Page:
Washington: Giant pandas could one day fuel cars and advance the development of bio-fuels - owing to microbes found in their faeces.
Giant pandas Ya Ya and Le Le in the Memphis Zoo are making contributions toward shifting production of bio-fuels away from corn and other food crops and towards corn cobs, stalks and other non-food plant material.
"We have discovered microbes in panda faeces might actually be a solution to the search for sustainable new sources of energy," said Ashli Brown, who heads the study.
Brown and her students, based at Mississippi State University, now have identified more than 40 microbes living in the guts of giant pandas at the Memphis Zoo that could make bio-fuel production from plant waste easier and cheaper.
The research also may provide important new information for keeping giant pandas healthy, Brown added.
Ethanol made from corn is the most common alternative fuel in the US. However, it has fostered concerns that wide use of corn, soybeans and other food crops for fuel production may raise food prices or lead to shortages of food.
Brown pointed out that corn stalks, corn cobs and other plant material not used for food production would be better sources of ethanol.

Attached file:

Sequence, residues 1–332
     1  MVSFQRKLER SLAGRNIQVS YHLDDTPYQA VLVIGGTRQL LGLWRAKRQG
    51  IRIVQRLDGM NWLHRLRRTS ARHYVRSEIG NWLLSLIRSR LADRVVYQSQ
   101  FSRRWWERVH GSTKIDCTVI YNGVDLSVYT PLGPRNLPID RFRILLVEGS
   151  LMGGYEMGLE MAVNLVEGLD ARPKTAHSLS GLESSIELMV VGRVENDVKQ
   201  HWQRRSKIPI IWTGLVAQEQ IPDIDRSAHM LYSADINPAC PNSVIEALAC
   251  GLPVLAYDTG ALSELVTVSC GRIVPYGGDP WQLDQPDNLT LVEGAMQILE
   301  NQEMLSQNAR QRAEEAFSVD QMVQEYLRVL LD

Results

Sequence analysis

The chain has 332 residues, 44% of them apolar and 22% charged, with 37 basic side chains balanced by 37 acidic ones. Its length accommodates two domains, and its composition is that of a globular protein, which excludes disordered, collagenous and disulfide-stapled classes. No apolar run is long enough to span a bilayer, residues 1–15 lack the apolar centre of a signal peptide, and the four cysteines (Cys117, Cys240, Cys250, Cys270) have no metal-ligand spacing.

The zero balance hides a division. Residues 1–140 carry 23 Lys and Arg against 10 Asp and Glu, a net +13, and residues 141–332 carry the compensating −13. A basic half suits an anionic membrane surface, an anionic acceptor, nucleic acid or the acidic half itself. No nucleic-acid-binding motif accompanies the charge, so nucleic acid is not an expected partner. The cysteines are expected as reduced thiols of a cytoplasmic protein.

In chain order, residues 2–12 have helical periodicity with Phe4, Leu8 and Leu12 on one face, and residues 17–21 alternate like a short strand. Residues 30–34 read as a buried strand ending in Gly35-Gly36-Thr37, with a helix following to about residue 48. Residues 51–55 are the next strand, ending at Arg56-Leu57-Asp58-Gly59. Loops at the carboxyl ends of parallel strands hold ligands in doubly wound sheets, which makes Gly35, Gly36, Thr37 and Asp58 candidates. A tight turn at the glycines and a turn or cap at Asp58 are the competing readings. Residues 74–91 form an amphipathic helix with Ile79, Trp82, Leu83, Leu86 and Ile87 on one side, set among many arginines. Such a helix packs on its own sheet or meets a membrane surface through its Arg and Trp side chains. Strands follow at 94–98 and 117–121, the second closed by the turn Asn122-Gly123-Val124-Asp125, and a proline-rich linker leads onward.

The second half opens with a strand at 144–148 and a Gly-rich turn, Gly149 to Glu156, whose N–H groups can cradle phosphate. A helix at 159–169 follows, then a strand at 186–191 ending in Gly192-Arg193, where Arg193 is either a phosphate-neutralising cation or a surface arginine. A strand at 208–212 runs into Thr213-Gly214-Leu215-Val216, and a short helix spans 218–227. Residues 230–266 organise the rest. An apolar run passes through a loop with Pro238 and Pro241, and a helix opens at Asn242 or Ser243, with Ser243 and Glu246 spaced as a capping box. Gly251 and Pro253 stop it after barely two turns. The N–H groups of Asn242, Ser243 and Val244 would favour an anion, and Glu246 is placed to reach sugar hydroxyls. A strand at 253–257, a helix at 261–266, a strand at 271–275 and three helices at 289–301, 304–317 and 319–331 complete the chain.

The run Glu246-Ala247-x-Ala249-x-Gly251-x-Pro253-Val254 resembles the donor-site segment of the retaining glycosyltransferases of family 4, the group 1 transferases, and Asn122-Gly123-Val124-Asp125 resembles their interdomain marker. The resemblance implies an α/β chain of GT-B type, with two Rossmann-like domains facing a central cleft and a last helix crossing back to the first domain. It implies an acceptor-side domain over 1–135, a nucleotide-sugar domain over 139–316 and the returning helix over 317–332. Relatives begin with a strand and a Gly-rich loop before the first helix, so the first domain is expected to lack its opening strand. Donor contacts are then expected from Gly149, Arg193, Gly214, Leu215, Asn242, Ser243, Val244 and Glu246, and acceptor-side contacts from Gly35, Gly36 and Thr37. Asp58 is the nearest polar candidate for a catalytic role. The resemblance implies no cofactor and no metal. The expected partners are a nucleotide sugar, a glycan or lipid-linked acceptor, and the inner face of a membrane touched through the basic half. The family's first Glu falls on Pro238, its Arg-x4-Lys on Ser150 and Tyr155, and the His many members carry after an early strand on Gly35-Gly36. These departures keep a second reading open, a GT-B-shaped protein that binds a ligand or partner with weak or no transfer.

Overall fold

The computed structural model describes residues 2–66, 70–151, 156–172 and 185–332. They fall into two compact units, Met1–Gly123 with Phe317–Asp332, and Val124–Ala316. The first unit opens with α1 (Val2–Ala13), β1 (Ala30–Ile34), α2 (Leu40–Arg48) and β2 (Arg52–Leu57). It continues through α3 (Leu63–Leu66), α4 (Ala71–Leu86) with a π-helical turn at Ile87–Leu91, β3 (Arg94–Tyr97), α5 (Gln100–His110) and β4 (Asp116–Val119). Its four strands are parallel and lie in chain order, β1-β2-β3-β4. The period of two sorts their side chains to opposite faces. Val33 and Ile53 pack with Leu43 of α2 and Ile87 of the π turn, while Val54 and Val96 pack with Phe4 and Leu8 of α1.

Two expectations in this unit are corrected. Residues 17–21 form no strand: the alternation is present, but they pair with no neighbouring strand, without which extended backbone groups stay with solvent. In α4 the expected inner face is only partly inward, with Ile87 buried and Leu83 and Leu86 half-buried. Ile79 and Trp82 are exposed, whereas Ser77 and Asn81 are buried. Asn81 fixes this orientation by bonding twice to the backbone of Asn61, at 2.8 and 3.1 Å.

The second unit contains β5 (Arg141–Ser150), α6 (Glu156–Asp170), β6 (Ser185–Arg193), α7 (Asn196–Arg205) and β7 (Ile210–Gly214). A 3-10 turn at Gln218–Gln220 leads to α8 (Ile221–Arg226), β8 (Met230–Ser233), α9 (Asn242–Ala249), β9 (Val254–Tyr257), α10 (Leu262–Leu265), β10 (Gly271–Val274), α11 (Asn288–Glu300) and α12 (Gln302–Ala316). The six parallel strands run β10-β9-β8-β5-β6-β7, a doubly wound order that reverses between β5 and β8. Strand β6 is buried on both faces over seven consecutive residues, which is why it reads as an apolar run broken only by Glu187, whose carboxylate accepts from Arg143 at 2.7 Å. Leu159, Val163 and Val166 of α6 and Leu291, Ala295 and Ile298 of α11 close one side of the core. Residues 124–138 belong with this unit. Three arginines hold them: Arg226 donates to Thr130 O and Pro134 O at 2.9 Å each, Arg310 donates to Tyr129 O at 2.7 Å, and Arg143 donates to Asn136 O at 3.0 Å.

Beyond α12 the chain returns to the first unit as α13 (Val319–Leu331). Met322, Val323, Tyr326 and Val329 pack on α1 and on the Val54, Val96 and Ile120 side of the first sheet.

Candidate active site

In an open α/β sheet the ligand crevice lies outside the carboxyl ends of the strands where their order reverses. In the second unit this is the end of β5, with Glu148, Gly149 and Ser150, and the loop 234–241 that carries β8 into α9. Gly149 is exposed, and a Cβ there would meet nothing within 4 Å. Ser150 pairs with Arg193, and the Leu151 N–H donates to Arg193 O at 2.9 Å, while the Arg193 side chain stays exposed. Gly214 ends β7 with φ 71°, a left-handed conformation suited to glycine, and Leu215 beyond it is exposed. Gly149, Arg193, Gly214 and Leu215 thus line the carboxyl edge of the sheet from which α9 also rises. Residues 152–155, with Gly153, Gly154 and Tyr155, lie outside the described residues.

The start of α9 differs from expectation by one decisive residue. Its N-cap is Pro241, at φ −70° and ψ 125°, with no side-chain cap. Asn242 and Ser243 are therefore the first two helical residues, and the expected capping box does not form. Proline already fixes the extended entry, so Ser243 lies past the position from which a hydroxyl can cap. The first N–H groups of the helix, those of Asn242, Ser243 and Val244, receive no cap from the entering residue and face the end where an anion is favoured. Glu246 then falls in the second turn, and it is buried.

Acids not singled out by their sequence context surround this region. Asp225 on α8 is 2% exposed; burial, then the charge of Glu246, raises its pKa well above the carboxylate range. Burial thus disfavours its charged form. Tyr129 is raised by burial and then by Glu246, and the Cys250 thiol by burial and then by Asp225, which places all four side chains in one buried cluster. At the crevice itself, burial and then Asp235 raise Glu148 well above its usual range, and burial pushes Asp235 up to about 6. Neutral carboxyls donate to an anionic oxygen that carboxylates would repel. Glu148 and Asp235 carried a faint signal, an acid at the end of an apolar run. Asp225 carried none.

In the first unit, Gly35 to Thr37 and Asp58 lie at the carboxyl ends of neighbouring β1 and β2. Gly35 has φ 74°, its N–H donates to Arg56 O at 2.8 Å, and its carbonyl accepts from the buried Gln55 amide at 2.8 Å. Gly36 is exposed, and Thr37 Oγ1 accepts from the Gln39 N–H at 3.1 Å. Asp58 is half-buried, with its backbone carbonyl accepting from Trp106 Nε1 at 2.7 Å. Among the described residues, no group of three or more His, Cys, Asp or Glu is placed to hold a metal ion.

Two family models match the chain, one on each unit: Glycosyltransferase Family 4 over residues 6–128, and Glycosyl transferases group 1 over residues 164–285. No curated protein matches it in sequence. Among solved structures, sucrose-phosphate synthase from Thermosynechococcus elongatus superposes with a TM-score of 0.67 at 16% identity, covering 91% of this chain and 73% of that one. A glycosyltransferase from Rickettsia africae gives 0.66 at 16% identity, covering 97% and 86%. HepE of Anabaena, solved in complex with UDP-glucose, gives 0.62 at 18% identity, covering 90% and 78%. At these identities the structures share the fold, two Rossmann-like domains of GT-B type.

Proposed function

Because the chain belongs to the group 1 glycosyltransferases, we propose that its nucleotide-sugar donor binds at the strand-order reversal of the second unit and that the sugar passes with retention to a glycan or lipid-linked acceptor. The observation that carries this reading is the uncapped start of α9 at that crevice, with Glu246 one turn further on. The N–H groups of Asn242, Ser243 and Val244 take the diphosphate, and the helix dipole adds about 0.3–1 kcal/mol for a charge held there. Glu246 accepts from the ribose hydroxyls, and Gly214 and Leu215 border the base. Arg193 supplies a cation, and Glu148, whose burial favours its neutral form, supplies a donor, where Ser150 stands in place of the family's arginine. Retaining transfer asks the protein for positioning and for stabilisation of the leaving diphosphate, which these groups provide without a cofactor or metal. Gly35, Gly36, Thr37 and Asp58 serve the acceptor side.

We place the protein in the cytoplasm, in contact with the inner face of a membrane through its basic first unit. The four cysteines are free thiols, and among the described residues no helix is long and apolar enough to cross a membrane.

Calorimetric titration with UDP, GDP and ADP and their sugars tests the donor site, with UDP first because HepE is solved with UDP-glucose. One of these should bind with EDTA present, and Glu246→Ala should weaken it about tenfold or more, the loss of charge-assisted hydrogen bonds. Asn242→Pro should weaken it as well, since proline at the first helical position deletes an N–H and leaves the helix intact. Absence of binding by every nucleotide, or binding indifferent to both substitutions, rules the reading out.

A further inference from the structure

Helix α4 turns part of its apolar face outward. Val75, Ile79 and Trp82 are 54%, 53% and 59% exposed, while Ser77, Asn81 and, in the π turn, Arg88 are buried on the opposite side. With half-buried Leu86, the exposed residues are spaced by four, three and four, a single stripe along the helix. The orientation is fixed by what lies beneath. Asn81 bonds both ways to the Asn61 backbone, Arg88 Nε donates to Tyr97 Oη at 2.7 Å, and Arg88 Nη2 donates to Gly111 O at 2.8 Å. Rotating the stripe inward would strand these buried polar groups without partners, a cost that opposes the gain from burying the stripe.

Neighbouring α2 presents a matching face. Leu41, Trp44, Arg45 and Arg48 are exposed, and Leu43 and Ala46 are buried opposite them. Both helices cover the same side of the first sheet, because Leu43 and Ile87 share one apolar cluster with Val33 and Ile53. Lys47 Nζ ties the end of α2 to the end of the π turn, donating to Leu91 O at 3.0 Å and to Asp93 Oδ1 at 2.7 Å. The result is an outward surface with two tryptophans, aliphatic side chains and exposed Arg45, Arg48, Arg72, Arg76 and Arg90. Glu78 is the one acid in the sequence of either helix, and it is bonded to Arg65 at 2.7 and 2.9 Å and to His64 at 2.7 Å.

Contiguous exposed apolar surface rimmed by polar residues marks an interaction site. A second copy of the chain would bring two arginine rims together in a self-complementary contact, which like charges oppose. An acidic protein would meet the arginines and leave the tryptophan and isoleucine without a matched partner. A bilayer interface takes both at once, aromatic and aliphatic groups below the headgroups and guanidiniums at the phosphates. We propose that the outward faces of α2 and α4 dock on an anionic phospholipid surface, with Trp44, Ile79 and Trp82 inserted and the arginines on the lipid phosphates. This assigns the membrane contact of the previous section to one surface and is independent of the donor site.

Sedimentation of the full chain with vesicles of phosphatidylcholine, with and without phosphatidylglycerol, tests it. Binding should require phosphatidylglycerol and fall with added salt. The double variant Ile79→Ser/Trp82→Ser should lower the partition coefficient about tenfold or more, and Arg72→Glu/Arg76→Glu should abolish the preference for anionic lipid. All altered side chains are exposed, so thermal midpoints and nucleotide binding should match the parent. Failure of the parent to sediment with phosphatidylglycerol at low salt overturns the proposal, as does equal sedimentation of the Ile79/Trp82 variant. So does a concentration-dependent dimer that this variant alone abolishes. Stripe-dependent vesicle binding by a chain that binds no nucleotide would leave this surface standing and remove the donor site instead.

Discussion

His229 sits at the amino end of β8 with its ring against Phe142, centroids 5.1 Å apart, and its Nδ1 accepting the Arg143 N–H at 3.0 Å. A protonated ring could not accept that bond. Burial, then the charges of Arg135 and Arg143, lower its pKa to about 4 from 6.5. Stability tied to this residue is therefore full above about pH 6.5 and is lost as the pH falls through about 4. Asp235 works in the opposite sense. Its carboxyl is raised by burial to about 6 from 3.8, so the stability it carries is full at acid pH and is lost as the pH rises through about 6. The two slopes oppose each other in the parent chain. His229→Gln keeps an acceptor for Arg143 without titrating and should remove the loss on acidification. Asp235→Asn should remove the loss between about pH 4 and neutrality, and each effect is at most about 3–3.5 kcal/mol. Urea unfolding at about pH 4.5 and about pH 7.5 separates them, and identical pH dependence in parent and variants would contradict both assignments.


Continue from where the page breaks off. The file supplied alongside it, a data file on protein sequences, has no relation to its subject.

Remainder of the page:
However, that currently requires special processing to break down the tough lignocellulose material in plant waste and other crops.
Breaking down this material is costly and requires a pre-treatment step using heat and high pressure or acids.
Not only do pandas digest a diet of bamboo, but have a short digestive tract that requires bacteria with unusually potent enzymes for breaking down lignocellulose.
"The time from eating to defecation is comparatively short in the panda, so their microbes have to be very efficient to get nutritional value out of the bamboo," Brown said.
"And efficiency is key when it comes to bio-fuel production - that`s why we focused on the microbes in the giant panda," said Brown.
Working with scientists at the University of Wisconsin-Madison, Brown`s team identified bacteria that break down lignocellulose into simple sugars, which can be fermented into bioethanol.
They also found bacteria that can take those sugars and transform them into oils and fats for biodiesel production.
Brown said that either the bacteria themselves or the enzymes in them that actually do the work could be part of the industrial process.